Sri Lanka reopens to the world (but Brits still banned)


Travellers will be subject to strict Covid-19 regulations in Sri Lanka.


Sri Lanka will be reopening its borders to the world this week following a ten month hiatus.


The country will be open to international tourist arrivals from January 21 following a ‘pilot’ visit by a group of 1,700 Ukranian tourists last month to test Sri Lanka’s Covid-19 protocols.


Sri Lanka is also currently hosting the England cricket team who are playing a two-Test series behind closed doors.


Rigorous regulations mean visitors must take a Covid-19 test no more than four days before travel and another on arrival. Two further tests will be required for a seven-day stay and three tests for holidays longer than a week.


Visitors must stay in one of 55 designated hotels and will be accompanied by officials when visiting approved tourist sites. They will also be required to pay US$12 for insurance to cover up to US$50,000 in Covid-related medical costs. If a visitor tests positive at any point during their trip, they will be required to isolate in their hotel room and will be transported to hospital if necessary.


However, importantly there is no quarantine, no minimum number of days required for a stay and visitors are free to use all hotel facilities.


There are currently no exceptions for visitors who have received the coronavirus vaccine.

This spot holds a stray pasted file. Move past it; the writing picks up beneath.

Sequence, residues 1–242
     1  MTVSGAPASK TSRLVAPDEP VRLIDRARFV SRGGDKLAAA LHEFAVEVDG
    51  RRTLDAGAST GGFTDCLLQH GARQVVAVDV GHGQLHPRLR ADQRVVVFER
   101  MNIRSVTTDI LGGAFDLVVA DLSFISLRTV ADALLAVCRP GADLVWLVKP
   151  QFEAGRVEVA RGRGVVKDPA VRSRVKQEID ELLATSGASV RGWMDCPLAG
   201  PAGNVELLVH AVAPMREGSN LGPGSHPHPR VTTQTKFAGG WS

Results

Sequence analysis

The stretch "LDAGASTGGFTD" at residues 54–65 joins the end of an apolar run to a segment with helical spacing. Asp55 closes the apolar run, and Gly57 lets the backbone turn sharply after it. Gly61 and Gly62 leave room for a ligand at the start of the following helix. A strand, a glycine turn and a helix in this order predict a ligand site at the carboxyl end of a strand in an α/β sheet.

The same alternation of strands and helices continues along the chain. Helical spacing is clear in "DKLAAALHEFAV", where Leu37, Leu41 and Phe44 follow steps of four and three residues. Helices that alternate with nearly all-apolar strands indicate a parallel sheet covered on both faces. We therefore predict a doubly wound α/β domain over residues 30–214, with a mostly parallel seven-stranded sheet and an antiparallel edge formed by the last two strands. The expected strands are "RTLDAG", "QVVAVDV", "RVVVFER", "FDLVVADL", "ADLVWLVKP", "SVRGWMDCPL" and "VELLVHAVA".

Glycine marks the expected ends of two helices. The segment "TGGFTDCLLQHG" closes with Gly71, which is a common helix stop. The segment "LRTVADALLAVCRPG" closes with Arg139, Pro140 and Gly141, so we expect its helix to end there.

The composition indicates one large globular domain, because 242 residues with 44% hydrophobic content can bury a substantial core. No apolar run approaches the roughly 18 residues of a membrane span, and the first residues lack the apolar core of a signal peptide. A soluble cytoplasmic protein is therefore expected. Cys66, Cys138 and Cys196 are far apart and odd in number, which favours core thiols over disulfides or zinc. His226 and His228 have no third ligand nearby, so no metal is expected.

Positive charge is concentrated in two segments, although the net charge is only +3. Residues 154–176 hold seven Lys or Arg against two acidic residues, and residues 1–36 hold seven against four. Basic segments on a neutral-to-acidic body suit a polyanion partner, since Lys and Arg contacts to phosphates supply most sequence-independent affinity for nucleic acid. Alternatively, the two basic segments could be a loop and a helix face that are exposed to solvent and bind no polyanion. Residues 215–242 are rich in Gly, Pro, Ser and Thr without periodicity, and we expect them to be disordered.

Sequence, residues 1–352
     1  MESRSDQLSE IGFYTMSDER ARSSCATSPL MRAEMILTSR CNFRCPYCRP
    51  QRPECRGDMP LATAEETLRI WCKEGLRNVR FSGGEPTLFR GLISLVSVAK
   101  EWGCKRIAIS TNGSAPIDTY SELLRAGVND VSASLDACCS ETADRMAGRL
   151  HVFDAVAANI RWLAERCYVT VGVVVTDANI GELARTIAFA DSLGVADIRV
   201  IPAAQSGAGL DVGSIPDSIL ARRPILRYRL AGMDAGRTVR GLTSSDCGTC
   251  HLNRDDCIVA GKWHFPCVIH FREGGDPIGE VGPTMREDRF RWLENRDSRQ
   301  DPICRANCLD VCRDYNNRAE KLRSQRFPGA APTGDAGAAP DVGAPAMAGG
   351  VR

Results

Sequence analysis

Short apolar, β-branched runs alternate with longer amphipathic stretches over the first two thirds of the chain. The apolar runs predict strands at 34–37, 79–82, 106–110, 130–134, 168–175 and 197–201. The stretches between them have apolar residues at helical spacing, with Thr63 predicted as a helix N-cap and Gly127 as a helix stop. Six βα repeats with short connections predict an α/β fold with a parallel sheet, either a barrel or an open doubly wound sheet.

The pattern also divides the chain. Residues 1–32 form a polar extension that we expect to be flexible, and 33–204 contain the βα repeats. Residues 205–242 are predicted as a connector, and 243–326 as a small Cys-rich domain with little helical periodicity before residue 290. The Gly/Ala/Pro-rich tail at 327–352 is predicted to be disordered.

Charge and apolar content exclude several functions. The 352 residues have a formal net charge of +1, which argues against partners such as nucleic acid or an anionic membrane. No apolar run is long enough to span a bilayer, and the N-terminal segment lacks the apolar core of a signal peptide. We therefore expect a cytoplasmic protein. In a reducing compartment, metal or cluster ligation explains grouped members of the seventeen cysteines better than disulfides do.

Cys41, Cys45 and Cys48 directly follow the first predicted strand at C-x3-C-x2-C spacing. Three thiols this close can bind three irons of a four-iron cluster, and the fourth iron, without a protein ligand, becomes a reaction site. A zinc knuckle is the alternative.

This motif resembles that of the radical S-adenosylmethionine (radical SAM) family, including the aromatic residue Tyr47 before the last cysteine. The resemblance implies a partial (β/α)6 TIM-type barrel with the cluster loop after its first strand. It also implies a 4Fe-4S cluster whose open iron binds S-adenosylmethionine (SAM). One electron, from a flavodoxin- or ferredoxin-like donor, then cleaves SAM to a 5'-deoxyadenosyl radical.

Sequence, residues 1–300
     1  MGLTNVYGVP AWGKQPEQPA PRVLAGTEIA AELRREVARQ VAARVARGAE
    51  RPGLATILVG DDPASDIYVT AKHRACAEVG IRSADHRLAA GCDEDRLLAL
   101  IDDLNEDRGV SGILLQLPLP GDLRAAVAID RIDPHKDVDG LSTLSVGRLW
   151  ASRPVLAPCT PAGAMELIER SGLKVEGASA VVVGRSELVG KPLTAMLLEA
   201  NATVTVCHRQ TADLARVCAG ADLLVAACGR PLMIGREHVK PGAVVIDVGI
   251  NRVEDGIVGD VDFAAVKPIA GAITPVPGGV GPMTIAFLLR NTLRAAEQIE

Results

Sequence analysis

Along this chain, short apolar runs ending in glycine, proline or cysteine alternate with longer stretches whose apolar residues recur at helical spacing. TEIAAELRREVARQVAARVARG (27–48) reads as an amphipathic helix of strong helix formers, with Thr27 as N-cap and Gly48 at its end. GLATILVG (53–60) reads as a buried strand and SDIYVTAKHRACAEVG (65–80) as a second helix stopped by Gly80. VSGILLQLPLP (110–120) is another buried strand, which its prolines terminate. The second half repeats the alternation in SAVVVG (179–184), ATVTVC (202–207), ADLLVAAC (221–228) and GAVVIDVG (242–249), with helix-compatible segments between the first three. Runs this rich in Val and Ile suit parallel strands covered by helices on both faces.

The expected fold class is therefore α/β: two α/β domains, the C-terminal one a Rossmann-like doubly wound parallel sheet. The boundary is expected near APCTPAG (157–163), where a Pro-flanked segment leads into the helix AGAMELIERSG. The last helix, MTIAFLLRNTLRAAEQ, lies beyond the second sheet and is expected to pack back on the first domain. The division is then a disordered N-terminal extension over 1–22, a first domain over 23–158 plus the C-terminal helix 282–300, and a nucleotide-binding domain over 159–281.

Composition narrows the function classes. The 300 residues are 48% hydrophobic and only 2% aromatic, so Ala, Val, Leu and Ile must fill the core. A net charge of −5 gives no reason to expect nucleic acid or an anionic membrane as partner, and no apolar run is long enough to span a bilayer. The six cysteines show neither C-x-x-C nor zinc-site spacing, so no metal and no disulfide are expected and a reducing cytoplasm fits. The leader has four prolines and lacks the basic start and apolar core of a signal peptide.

“As we open our doors to the world once again, we have pulled out all the stops, ensuring that every precautionary measure has been set in place to make the island getaway as safe, secure and serene as possible for visitors,” said the Sri Lanka Tourism Promotion Bureau in a statement.


Sri Lanka is a popular holiday destination but first faced a drop in tourism following the Easter terrorist bombings in 2019 which killed 269 people. The coronavirus pandemic forced the country to shut-off its borders in early 2020 after its first Covid-19 case was confirmed in late January 2020. It has since been relatively successful in containing the virus, recording around 53,000 infections and 270 deaths since the pandemic began.


Flights from the United Kingdom remain banned and visitors will not be allowed to enter Sri Lanka if they have spent up to two weeks in Britain before arriving.


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